Poaching from Competitors

Shawnee Love   •   May 9, 2019

With a hopping economy and unemployment rates at record lows across the country, the topic of employee poaching seems to be raising its head more and more often.  Certainly, I have clients who have lost people to poaching, and even some who have been the ones poaching employees from their competitors.

I am not opposed to poaching (as long as it doesn’t breach laws or agreements [e.g., employment or association]) although I don’t recommend it very often because I think the cons often outweigh the pros.  Here’s my take on both:

Pros (from the eye of the company doing the poaching):

  • Ability to hire a skilled and trained employee,
  • Potential to gain insight into how a competitor does things (note: poaching with the objective of corporate espionage is where it crosses the legal boundaries and is generally bad business not to mention risky), and
  • Possibility of doing a little damage to your competitor (not an admirable benefit but this can definitely be a positive in the eyes of some).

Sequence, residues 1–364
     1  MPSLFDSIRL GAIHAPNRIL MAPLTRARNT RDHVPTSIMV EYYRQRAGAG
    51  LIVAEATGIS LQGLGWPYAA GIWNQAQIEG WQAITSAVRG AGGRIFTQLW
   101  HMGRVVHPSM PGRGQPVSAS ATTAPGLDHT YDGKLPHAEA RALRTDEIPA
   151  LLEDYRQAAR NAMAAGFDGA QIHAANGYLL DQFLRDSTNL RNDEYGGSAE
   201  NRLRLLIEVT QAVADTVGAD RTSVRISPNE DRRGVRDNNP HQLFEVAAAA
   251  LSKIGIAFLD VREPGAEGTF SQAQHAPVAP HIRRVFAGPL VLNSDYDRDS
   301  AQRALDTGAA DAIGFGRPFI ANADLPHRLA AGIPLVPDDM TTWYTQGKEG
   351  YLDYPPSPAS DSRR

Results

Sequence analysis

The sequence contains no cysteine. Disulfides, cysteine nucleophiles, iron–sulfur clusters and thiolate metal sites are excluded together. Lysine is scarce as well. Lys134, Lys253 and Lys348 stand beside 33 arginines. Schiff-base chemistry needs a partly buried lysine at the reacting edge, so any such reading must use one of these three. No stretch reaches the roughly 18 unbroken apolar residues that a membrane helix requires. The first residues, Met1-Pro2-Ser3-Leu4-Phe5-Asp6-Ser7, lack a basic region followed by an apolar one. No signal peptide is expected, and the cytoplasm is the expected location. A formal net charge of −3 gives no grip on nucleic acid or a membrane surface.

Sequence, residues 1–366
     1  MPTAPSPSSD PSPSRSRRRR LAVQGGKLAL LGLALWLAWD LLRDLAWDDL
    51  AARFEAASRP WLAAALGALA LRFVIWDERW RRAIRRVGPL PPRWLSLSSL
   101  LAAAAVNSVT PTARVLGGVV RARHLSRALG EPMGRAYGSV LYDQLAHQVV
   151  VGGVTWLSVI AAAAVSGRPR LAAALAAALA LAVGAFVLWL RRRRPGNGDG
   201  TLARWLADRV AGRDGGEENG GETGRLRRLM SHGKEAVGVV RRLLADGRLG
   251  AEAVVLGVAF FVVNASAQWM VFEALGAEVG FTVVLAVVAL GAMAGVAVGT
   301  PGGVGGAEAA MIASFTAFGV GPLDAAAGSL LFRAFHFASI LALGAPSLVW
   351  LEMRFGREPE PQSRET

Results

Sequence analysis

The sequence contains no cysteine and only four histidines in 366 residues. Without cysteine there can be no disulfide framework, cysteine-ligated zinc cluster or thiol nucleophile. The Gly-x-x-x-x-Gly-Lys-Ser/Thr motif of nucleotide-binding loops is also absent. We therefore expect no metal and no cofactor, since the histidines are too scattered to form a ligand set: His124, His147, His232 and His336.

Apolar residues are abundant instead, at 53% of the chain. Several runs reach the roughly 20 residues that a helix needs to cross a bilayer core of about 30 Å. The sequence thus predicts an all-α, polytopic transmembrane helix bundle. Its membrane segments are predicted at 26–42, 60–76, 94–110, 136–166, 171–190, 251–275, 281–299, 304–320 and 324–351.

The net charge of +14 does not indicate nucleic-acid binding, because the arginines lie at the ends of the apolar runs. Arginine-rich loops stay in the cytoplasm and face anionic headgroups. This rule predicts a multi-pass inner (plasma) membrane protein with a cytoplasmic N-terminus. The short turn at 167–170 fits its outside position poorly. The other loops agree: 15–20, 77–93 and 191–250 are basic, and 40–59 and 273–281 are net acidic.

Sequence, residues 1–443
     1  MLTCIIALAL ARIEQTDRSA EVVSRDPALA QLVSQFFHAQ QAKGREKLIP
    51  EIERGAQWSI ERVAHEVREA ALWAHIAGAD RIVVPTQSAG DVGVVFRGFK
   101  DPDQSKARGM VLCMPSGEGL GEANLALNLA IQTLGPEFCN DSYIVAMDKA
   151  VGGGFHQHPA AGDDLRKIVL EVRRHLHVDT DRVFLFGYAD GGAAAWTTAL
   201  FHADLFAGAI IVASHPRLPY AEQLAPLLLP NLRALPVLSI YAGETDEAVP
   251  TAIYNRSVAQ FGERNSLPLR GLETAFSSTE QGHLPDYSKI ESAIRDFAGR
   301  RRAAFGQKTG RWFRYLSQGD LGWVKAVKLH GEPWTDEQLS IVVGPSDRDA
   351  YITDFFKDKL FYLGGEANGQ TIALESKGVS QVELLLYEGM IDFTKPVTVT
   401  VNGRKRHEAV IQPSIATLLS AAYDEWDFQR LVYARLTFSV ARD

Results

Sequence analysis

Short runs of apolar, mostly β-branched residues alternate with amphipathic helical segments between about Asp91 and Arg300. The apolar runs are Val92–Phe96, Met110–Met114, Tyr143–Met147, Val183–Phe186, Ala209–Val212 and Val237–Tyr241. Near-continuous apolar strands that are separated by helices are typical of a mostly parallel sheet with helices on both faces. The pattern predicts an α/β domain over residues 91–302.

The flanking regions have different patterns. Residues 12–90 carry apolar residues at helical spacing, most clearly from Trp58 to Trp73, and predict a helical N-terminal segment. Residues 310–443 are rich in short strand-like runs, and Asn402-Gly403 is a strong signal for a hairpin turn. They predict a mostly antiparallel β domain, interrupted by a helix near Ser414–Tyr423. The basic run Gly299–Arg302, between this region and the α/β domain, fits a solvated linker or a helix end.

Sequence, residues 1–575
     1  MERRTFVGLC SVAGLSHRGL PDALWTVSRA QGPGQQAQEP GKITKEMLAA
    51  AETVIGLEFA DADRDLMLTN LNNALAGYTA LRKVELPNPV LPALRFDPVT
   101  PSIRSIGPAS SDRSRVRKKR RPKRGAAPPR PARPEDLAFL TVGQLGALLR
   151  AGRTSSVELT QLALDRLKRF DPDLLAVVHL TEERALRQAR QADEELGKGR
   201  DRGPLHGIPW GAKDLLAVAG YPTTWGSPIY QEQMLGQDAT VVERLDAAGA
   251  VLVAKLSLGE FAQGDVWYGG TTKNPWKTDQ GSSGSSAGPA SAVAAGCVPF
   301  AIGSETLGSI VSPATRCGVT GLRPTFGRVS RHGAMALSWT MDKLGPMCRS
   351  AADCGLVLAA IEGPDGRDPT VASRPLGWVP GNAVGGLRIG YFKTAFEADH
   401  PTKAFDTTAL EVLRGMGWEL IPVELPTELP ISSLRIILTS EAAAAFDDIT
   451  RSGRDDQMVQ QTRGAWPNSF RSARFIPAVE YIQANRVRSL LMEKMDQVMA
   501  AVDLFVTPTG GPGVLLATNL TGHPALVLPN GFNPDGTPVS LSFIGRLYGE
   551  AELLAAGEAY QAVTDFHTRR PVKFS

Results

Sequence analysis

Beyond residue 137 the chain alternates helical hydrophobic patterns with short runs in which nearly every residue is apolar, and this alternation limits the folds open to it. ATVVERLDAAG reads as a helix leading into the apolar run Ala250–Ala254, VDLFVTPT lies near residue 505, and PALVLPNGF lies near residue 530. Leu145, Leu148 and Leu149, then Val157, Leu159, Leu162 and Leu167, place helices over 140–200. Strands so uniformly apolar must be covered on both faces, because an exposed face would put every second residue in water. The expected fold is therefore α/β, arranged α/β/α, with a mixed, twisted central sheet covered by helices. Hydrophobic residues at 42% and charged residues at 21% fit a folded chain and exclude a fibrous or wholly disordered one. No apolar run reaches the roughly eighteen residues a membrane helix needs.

Cons (from the eye of the company doing the poaching):

  • The negotiating power lies with the candidates being poached as they know you want them,
  • Costs increase because the candidate has the power (see above) AND because often a headhunter is hired to procure the individual and provide a measure of distance for the poacher,
  • Employees willing to jump for more money or other such enticements may do the same to you,
  • Employees loyal to their current employer can use your poaching conversations as a way to gain intelligence about your company which they share with their employer (your competitor),
  • You get another employer’s baggage (e.g., bad habits, sloppy practices, management mistakes, etc. from another company can infect yours),
  • If you are in a small industry or small community, poaching can create bad blood, lead to retaliatory measures, and make collaboration in other areas (e.g., shared marketing) impossible,
  • Fitting within your competitor’s culture or job doesn’t guarantee fit with yours and the cost to let someone go after you lured them is more costly than if they found you,
  • Companies feel no remorse about poaching from organizations who they believe poach too so you can become a target, and
  • Many perceive poaching as shady business practices so it can lower respect for your organization.

Additionally, if you are going after a competitor’s people (and sometimes even if they are coming to you voluntarily), you can be hit with a legal suit you have to defend yourself against.

For these reasons, I say tread carefully when it comes to poaching. Come back next week when we talk about how to defend yourself against it.